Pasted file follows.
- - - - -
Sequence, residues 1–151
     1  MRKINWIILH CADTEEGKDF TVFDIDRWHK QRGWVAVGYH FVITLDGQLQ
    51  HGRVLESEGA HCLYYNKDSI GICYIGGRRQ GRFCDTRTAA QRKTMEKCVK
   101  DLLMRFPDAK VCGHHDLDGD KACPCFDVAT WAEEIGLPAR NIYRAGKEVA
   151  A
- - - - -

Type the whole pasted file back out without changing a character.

Sequence, residues 1–151
     1  MRKINWIILH CADTEEGKDF TVFDIDRWHK QRGWVAVGYH FVITLDGQLQ
    51  HGRVLESEGA HCLYYNKDSI GICYIGGRRQ GRFCDTRTAA QRKTMEKCVK
   101  DLLMRFPDAK VCGHHDLDGD KACPCFDVAT WAEEIGLPAR NIYRAGKEVA
   151  A